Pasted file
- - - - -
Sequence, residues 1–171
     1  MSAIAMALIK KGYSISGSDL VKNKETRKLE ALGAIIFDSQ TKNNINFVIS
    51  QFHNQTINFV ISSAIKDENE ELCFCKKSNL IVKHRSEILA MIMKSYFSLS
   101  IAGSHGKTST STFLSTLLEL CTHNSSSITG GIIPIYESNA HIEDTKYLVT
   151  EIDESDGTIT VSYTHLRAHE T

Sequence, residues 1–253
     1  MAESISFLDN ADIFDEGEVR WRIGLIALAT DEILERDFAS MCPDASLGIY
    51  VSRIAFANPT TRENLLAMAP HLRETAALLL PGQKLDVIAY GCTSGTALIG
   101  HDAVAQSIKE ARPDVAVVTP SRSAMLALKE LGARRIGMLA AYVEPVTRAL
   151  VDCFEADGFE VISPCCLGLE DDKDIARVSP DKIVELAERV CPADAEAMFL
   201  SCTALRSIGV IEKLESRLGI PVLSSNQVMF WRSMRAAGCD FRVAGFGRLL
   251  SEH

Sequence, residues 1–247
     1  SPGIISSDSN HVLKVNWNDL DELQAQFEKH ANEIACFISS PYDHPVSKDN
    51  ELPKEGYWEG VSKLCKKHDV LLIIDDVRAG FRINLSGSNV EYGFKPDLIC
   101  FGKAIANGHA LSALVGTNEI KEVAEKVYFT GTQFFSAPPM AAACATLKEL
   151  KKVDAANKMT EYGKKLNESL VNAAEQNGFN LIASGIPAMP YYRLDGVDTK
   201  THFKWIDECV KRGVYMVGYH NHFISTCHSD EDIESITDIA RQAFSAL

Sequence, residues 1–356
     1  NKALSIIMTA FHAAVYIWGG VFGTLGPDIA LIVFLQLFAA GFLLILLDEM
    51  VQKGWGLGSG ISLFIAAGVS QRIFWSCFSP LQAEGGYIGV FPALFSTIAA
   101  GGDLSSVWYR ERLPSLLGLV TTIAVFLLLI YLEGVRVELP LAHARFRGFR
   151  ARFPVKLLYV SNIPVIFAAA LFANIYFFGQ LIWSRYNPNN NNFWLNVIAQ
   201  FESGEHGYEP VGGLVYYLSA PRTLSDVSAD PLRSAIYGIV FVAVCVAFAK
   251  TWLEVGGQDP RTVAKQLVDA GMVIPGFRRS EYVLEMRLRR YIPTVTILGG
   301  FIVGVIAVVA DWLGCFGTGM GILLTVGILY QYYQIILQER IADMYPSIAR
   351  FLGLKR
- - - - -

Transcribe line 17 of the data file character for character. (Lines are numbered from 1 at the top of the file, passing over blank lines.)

   151  KKVDAANKMT EYGKKLNESL VNAAEQNGFN LIASGIPAMP YYRLDGVDTK